Portrait of an Old Woman is a small oil on wood panel painting by the Early Netherlandish painter Hans Memling, completed c 1475–80, and in the collection of the Museum of Fine Arts, Houston, Texas, since 1944. The panel has obviously been cut down given its tight framing. The woman's face and headdress dominate the remaining pictorial space; they create a strong contrast between her cream headgear and the black background and the lower portion of the painting, which was originally bluish green, but has darkened with age and accumulated dirt. Yet the panel is in good condition following a restoration that replaced lost paint in several areas.
The panel is noted for it dramatic contrasts in light and colour, and for its subtle treatment of skin tones, which are comparable to Memling's c 1472 Portrait of Maria Portinari, in New York.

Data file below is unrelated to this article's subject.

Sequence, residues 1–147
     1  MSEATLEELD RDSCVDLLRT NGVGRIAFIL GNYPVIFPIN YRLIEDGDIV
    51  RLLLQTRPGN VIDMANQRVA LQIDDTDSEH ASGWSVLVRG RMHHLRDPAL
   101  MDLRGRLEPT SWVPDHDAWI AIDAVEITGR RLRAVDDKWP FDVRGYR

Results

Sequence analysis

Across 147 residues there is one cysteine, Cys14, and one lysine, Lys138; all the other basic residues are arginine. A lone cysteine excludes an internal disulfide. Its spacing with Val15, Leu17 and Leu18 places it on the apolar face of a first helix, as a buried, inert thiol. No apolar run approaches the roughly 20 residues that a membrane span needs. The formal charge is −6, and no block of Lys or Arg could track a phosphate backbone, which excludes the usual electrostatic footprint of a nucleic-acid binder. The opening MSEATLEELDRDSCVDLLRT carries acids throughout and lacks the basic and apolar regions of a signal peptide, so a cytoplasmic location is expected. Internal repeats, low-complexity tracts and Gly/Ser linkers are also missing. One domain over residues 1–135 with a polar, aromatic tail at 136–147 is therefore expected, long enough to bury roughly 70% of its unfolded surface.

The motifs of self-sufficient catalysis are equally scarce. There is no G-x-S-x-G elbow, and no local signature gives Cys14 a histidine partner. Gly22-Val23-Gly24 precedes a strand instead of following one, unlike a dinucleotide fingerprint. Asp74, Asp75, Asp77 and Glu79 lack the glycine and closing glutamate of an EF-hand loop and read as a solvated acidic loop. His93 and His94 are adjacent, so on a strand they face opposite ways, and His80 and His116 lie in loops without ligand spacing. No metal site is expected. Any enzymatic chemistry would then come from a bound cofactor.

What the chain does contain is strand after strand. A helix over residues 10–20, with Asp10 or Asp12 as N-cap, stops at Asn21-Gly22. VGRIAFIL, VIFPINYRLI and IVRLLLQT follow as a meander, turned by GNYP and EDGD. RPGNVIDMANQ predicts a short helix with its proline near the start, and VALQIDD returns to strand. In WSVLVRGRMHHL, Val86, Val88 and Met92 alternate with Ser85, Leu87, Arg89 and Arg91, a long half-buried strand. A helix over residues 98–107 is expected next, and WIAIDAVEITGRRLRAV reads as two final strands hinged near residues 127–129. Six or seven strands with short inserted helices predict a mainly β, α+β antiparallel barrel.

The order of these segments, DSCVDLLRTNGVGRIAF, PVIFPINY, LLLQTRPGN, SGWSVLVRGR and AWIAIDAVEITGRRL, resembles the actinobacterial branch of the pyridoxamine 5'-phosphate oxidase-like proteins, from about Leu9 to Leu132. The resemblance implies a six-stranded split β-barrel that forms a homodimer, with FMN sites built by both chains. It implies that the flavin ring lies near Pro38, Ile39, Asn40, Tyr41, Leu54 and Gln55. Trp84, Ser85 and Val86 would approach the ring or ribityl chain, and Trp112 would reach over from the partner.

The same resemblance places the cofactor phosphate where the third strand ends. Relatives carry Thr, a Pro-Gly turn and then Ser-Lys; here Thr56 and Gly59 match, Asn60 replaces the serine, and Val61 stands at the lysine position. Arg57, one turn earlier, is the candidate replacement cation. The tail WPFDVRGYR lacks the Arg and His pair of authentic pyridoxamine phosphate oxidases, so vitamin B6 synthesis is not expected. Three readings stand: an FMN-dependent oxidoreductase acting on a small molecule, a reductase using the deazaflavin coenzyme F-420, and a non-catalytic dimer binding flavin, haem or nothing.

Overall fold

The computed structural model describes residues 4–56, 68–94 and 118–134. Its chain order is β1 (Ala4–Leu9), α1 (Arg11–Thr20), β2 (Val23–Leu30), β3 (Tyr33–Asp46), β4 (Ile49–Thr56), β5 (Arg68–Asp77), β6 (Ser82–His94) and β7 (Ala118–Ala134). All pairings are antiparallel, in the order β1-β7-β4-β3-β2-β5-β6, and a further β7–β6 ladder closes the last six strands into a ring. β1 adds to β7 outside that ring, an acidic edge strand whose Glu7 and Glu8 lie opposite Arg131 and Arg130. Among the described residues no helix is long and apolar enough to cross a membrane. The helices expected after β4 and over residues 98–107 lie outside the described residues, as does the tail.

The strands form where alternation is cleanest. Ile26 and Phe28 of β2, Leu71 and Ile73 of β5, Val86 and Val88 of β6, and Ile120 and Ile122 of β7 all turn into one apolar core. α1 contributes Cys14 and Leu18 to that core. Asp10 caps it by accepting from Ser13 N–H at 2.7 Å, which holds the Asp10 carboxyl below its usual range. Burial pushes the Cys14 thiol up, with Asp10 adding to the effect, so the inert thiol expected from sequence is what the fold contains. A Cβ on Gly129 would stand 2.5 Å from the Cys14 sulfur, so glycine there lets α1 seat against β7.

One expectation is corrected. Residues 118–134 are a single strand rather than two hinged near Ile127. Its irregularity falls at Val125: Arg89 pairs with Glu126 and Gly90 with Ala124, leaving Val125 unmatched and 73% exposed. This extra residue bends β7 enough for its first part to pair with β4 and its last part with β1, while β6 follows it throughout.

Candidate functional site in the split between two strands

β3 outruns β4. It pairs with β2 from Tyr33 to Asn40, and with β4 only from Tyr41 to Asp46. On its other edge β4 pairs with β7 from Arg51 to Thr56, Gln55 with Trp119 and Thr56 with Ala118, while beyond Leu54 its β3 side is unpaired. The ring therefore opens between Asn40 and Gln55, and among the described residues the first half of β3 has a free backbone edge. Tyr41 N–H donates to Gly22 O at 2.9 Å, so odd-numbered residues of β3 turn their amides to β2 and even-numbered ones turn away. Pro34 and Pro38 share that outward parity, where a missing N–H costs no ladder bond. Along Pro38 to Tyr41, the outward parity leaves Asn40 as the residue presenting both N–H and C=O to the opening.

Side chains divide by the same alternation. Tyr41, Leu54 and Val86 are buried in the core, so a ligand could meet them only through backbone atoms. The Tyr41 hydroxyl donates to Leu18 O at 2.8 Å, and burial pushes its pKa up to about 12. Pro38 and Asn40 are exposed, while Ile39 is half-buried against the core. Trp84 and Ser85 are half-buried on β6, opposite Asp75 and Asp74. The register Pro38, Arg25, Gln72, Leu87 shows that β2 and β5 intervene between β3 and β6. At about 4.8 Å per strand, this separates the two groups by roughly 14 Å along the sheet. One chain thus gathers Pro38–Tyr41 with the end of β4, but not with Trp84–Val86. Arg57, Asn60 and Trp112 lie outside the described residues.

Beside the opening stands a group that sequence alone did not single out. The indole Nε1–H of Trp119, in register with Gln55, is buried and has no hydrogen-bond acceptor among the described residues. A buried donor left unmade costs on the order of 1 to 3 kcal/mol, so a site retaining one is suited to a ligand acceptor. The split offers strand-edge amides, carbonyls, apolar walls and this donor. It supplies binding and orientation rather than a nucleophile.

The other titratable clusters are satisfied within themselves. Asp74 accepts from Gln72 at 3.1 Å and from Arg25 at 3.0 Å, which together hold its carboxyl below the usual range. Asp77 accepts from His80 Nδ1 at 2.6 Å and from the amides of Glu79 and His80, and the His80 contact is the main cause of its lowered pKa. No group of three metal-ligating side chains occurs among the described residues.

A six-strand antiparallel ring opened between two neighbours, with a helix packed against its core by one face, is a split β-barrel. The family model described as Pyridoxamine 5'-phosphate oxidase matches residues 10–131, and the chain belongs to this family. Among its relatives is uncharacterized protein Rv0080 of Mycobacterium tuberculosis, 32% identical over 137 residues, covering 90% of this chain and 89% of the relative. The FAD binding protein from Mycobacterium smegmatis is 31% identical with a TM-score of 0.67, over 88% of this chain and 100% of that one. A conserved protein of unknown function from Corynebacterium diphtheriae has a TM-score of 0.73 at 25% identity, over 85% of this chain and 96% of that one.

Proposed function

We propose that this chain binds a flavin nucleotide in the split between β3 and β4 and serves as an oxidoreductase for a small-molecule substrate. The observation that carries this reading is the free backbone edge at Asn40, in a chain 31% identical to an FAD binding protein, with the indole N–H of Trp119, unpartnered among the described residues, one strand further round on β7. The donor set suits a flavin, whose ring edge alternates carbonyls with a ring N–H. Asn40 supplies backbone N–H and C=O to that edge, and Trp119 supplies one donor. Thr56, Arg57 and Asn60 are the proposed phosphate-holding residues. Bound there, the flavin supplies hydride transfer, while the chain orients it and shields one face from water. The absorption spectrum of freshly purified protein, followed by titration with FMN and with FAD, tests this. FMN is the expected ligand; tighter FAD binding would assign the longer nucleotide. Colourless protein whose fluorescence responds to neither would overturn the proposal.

The painting was obviously at one time a donor wing, either for a diptych or triptych which was at some stage broken apart. It is probably thus related to the Portrait of an Elderly Man now in the Metropolitan Museum of Art, New York. That painting's commission is unclear; we do know who he was, and his hands are folded rather than joined in prayer, the vastly usual positing for a donor panel.
The painting was in Paris in 1910, when it was sold to C. von Hollitscher of Berlin. From there it passed into the von Auspitz collection in Vienna until 1931. It was acquired by the art dealer Bachstitz who sold it to Percy S. Straus in 1934. The painting was is bequeathed to the Museum of Fine Arts in 1944.
This is a part of the Wikipedia article used under the Creative Commons Attribution-Sharealike 3.0 Unported License (CC-BY-SA). The full text of the article is here →